God’s Angel: Pranitha Timothy

Pranitha Timothy is a soft-spoken Indian woman who  has led over 50 rescue operations to free slaves in Chennai, India. She  has survived a brain tumor and a number of run-ins with violent slave  owners, and says God has cleared the path for her to fight injustice in  the world today.
According to the website for The American Anti-Slavery Group, there  are an estimated 27 million slaves in the world today. As the director  of aftercare for International Justice Mission in the Province of  Chennai, Timothy and her teams have rescued 4,000 slaves in the last  nine years. She has regularly risked her life for these forced laborers,  never knowing for sure if she will see her husband and young daughter  again, and she gives God all of the credit for her success.
God goes before us into the places of darkness and makes the paths  straight for us to bring rescue,” Timothy told attendees of Willow Creek  Association’s Global Leadership Summit on Friday.
Several years ago, for example, her team discovered a rice mill where  dozens of slaves were being forced to work. IJM organized a rescue  mission with government authorities, but the slave owner was tipped off  and fled with his slaves before the rescue team arrived.
The IJM team began praying, and shortly after a truck filled with the  slaves was located just 14 miles away. The slaves were then returned to  the mill, and authorities told them to go into the building to identify  their belongings, but when they did so they were surrounded by a mob of  slave owners waiting to ambush them inside.
Timothy was with the slaves when this happened, and says those inside  the mill began to pray again. Women and children were screaming, but  Timothy says God confused the mob and, after four hours, she and all the  slaves left the mill safely.
Rescue missions are full of both expectation and anxiety for IJM  workers, Timothy told The Christian Post on Monday, and it brings them  joy to see how happy the laborers are when they are reunited with their  families and returned to their homes.
After a successful rescue operation, she says, the organization helps  connect the laborers to social services, though much of what they need  is help dealing with the emotional impact of their experience.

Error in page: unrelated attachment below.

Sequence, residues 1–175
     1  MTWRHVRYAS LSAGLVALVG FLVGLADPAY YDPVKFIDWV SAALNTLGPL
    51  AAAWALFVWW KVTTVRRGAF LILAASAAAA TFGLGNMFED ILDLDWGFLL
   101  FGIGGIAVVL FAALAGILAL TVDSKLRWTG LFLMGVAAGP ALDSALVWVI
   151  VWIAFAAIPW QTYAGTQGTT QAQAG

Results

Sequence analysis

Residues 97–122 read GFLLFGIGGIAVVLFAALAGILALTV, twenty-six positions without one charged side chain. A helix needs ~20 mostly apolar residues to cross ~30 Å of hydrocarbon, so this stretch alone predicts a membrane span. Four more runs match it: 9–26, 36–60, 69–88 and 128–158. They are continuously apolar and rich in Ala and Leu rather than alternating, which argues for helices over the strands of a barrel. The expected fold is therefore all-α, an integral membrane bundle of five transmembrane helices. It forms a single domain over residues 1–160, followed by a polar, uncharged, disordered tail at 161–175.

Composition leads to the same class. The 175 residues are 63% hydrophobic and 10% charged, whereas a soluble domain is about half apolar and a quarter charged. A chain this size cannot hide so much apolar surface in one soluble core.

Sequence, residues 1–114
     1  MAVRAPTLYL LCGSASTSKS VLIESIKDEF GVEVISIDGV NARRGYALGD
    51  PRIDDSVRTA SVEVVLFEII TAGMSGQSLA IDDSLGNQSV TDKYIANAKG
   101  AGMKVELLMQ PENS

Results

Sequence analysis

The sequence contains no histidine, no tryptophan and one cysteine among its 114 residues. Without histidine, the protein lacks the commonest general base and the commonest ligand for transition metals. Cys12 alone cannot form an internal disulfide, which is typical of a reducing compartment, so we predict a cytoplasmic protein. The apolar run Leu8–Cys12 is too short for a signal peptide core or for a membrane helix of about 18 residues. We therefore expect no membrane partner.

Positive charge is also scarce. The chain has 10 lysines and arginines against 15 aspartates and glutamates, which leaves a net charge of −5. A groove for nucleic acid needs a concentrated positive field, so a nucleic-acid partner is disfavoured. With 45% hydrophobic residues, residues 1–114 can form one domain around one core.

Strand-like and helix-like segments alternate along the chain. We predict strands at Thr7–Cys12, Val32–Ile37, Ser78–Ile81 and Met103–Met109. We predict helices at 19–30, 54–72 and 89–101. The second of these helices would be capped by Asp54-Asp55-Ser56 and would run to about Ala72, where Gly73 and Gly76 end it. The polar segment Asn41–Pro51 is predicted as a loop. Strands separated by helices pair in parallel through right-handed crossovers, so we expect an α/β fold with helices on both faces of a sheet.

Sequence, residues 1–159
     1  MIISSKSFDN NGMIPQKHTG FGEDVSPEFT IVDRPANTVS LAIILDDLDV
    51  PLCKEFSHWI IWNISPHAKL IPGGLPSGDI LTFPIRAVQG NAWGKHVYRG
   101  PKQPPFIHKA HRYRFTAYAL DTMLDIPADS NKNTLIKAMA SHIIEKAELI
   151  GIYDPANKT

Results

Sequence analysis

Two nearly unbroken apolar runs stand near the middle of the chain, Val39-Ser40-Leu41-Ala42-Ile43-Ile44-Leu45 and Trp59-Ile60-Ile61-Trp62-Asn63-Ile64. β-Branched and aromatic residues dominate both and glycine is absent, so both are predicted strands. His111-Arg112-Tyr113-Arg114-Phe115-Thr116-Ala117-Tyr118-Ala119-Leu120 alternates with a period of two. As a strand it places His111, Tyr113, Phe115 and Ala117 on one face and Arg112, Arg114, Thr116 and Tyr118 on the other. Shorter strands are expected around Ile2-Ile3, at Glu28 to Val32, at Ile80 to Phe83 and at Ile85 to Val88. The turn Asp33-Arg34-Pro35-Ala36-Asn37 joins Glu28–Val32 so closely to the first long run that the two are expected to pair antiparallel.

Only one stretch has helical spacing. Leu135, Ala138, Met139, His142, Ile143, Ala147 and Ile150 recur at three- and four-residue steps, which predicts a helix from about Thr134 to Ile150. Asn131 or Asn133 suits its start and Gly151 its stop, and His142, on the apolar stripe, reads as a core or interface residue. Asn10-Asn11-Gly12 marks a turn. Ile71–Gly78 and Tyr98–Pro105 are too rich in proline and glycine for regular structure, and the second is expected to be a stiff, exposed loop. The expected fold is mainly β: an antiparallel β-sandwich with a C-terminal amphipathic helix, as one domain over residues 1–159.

“The most critical, key thing is to help them overcome the trauma of  just being in captivity, of being in a place where they’ve been  physically abused, their dignity totally taken away from them,” she  said.
During Friday’s summit, Timothy shared how God called her to risk her  life for others. While working to complete her master’s degree in  social work, she felt called to fight injustice after her college’s  chapel speaker read Isaiah chapter 42, which talks about a servant of  the Lord who will “bring justice to the nations.”
A few weeks later, though, she was diagnosed with a brain tumor and  was forced to have surgery. The surgery resulted in a successful removal  of the tumor, but it also resulted in a loss of her ability to speak,  swallow, and hear out of her right ear, though her voice eventually came  back.
After two years God gave me this voice – feeble, and yet powerful in  His hands,” she said, but the restoration of her voice is not the  greatest miracle she feels has happened in her life.
“The greatest miracle is that God can transform my heart,” she said.  “Before He gave me this vision and this healing, He changed me.”
Timothy and her siblings grew up on a mission compound that had no  schools on it, so her parents sent her to get an education at a boarding  school.
Compared to the wealthy families of her classmates, however, she was  unhappy with the little money her family had. She was also unhappy with  her physical appearance, because she had black patches on her skin from a  bad reaction to an injection she received in the sixth grade.
“On one hand I struggled with my identity of being a kid who did not  have enough money like the rest of the kids, and on the other hand I had  all these patches on my face. I was very embarrassed about how I  looked,” said Timothy.
During her time in boarding school she also grew apart from her  family, with whom she visited only about once a year. She was angry that  her parents’ work as missionaries kept the family apart, and eventually  she “hated anything to do with Christianity.”
While in college she earned the nickname “CC” for being “cold and  calculated.” She was harsh with the freshman students – she enjoyed  watching them cry – and broke almost “every possible rule,” she says.  Eventually she was expelled by school administrators.
Today, however, she is a changed woman. She is full of compassion and  courage, and she believes the work she does every day is a miracle.
“I think every single day I see what God does, and I’m amazed …  because humanly it’s not possible to do what we do, and it’s only  through God’s strength,” she said.
IJM’s mission is to rescue slaves, the sexually exploited and other  individuals who are the victims of violent oppressors. IJM attorneys,  investigators and aftercare workers are currently working with local  officials in 13 different nations in order to bring justice and lasting change to those regions.

Brain Tumor Survivor Rescues Slaves in India



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